Proposals are invited for a two-day conference on entangled history in Early America from 1750 to 1850, which will be held at the McNeil Center for Early American Studies in Philadelphia, PA during April 2018.
The organizers are looking for scholars who challenge traditional narratives of imperial or national history by applying a wider lens to Anglo-America. The goal is to foster a wide-ranging debate on relations across borders – geographic, political, legal, social, and ethnic – in the Americas.
Organizers are seeking papers that link Anglo-America to the Dutch, Spanish, Portuguese, or French empires. Alternatively, proposals might situate the British Atlantic in relation to East Asia or the Gulf Coast borderlands. They also welcome studies about historical figures on the legal, social, or geographic margins of British America – such as maroons, refugees, smugglers, missionaries, indigenous peoples, etc. The program for this conference will highlight the value of entangled history in current debates on global capitalism and slavery, sovereignty and state power, ethnogenesis, and other major issues.
Two plenary speakers – Alison Games of Georgetown University and Pekka Hämäläinen of Oxford University – are expected to open the conference with a debate about entangled history. The rest of the program is expected to involve panel sessions with pre-circulated papers of approximately 7,500 words. Those papers will be due on February 23, 2018 and will be posted on a password protected website available to registered attendees.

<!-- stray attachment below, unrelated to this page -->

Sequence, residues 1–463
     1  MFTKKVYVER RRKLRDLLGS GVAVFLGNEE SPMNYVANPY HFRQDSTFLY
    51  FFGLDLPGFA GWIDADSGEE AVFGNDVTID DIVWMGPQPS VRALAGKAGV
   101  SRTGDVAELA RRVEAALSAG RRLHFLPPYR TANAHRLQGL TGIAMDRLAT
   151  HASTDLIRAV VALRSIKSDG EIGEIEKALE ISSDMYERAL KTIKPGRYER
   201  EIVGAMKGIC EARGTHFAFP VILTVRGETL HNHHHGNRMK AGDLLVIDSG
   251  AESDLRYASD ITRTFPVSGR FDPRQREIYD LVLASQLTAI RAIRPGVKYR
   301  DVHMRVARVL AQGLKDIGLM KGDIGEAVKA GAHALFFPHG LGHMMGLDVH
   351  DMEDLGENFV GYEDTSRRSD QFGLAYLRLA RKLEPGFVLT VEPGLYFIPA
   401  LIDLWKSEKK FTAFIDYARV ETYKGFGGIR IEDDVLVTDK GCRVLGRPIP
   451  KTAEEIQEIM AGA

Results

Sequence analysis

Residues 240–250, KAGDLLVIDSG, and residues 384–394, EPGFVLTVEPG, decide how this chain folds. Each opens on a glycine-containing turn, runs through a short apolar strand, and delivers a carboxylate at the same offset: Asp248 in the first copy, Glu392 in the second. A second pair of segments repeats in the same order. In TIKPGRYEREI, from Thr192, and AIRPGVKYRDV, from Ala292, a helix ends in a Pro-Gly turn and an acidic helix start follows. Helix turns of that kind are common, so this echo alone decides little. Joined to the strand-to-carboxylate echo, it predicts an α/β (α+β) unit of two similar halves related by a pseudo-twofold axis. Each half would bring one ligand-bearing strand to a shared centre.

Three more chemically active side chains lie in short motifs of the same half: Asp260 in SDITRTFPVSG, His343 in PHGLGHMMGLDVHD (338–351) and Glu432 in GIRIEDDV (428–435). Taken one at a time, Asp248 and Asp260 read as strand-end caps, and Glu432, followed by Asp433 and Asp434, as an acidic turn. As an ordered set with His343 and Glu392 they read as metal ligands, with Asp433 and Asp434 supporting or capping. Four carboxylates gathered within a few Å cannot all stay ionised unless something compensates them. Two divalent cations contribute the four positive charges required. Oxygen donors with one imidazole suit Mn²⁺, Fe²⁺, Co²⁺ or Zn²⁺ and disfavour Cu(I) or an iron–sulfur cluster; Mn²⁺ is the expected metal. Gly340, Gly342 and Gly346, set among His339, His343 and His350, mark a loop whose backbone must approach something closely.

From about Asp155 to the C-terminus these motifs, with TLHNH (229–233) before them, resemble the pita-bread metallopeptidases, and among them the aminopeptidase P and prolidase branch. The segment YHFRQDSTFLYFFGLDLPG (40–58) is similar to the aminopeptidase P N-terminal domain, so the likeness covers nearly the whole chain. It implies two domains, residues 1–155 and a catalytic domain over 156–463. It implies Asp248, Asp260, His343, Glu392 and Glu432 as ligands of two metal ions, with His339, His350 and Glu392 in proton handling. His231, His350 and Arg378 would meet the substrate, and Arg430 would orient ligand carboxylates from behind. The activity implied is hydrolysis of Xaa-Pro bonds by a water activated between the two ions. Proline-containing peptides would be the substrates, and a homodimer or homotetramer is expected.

To propose a paper, submit an abstract of 300-400 words, along with a short curriculum vitae, to email@example.com with “Entangled Histories” in the subject line. Include your name, affiliation, and contact information at the head of your abstract. The deadline for submissions is 20 January 2017. Applicants will receive a final decision in late spring 2017. Some funding is available to offset the costs of travel and lodging for conference participants. Details about this support will be available after submissions are reviewed.
This conference has received support from the McNeil Center for Early American Studies, the American Philosophical Society, the Omohundro Institute for Early American History and Culture, and the Department of History at the University of New Hampshire.
Any questions about the conference may be directed to Eliga Gould (firstname.lastname@example.org) or Julia Mansfield (email@example.com).
Photo: United States in 1850, courtesy University of North Carolina at Chapel Hill.